Canine Roundworm Infection
Roundworms are the intestinal parasite of dogs. Toxocara canis and Toxascaris leonine are most often affected by dogs. Roundworms are thin white spaghetti-like worms about 18 cm or 7 inches in length. They are certainly visible to the human eye as adults, but the eggs or larvae may not be as easily detectable. Roundworm larvae are most prevalent during pregnancy, which is why it's said that 95% of all puppies are born with this worm. This is also why puppies are automatically treated and dewormed as soon as they're born. The worm parasites are often transmitted to the puppy through the mother's placenta before birth and after birth by the mother's milk. Transmission also occurs from contaminated areas such as the grounds from a dog park.
The roundworm like many other worms has several complex and environment-dependant stages of development. For Toxocara eggs, the most complex development cycle of the two, begin by being passed in the host animals feces where it has a month long growth cycle. It's at this second stage where it's ready to infect its next host and can live at this stage for months, sometimes years.
Incredibly, the roundworm can only develop to its third stage from a canine, thus another animal may pick up these second stage larvae which hatch in its intestinal tract, leave and lay waiting in a new patch of feces for a canine to pick it up.
Once consumed by a dog, the parasite then migrates to its lungs to complete its third stage of development. They navigate through the airways and up to the throat causing the dog to cough. Sometimes this causes pneumonia if infection is bad enough. Once coughed up, the dog then swallows the young worm where it burrows its way back to the intestinal tract where it continues to mature to their last stage of growth. Once sexually mature, roundworms immediately begin to mate. This entire lifecycle can take as little as 4 to 5 weeks with new larvae already in the host's intestines.
If the canine is pregnant, the larvae will not follow the path to the lungs to be coughed up, but instead the hormones in the female dog will redirect the larvae to move through the placenta infecting the unborn puppies or through the mammary glands to infecting the nursing puppies.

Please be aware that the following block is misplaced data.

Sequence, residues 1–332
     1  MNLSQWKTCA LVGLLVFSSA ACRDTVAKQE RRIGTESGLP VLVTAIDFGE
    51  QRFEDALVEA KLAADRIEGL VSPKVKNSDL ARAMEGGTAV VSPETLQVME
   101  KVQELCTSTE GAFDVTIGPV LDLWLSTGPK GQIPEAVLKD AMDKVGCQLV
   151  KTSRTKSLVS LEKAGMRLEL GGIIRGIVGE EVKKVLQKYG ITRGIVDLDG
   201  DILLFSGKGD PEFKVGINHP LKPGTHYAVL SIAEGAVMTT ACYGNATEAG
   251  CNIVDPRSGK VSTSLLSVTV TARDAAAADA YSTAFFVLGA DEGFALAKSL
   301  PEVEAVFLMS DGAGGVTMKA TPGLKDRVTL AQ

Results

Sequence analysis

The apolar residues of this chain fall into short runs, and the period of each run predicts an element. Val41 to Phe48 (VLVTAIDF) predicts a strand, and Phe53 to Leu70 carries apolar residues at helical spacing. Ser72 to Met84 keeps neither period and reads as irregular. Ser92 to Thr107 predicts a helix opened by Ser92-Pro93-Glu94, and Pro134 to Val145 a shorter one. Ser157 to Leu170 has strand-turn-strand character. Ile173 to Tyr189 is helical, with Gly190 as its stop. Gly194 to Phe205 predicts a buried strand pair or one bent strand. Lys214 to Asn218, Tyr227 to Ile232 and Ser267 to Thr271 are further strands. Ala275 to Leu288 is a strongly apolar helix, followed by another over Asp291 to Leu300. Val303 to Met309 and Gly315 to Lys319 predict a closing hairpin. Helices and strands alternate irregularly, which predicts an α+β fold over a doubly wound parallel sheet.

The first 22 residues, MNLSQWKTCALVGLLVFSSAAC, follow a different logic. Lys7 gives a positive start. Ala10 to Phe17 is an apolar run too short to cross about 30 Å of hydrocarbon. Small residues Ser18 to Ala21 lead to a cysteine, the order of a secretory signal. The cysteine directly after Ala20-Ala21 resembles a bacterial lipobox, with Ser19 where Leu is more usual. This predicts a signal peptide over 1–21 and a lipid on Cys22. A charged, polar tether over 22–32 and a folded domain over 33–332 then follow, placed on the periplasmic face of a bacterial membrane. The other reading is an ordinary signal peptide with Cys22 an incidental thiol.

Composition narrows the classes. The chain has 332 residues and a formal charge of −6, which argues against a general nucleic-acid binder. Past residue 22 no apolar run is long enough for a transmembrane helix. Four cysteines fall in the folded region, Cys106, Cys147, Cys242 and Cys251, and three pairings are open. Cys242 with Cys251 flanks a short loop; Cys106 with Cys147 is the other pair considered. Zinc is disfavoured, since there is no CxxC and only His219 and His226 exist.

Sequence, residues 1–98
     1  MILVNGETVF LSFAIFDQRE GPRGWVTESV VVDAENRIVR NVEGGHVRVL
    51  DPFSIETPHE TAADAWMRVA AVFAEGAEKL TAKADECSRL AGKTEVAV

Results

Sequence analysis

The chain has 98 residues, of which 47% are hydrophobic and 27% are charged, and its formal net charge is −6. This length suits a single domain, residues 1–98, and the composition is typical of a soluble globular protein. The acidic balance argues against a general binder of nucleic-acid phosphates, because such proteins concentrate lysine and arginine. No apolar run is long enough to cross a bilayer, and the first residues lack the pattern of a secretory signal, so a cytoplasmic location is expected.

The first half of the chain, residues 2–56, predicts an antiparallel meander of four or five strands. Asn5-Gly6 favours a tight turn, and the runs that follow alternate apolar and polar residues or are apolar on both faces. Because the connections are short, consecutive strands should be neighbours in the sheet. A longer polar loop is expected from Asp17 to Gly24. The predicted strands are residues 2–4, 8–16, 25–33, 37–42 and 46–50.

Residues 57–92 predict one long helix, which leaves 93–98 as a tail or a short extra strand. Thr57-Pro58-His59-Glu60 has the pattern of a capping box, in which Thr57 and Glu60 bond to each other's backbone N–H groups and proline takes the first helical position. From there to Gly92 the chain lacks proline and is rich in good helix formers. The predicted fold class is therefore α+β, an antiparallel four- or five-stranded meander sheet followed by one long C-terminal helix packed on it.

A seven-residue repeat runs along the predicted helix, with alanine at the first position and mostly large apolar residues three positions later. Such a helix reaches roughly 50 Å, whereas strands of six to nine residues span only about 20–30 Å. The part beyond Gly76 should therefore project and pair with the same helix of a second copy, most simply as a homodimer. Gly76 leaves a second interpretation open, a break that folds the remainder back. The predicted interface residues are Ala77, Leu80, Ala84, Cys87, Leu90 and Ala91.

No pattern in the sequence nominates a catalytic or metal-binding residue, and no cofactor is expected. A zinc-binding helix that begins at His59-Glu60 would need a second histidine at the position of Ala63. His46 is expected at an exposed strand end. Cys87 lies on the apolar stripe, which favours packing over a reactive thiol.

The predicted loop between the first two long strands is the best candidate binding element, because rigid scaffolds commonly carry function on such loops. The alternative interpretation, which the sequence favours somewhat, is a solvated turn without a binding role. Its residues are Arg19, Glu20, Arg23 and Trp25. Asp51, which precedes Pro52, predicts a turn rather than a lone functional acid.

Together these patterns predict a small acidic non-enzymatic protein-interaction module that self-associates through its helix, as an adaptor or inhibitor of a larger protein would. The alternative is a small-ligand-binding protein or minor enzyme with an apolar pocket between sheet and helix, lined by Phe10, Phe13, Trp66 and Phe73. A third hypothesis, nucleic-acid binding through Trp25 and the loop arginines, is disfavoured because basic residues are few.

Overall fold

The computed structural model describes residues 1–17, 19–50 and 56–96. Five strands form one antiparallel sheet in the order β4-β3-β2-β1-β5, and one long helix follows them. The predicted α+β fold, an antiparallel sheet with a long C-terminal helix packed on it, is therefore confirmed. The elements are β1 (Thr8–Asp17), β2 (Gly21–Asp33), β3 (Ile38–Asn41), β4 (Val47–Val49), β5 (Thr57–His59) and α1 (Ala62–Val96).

Puppies affected by roundworm often vomit them up putting these worms up for display. Coughing, developing a potbelly, diarrhea, weakness, emaciation (extreme weight loss) and pneumonia are all common signs and can be severe enough to cause death if not treated soon enough.
prevention and tretment
Prevention and treatment are nearly one in the same. Regular deworming is a popular choice as the same medication the treats or kills the worms in its various stages is also nicely suited to ensure that when your canine companion gets contaminated, the parasites are killed on the spot. Preventing roundworm is also done through the use of plain old common sense. Maintain hygiene in and around your home by disposing of feces, washing hands regularly and keep your dog clean. Don't take your dog to unsanitary dog parks and make sure any meat your dog eats is well cooked. Keep kennels clean and dry. Using bleach when mopping will kill the larvae.
Treatment is highly important as roundworm can also affect humans. Annual deworming and checkups are recommended for adult dogs. Puppies usually have already been treated for worms by the breeder or handler before finding their new homes. It is smart to obtain the deworming history before accepting a new pet.
Dogs believed to have hereditary renal disease should not be bred. Owners of aging dogs should watch for signs of renal disease in their pets and seek veterinary care early on.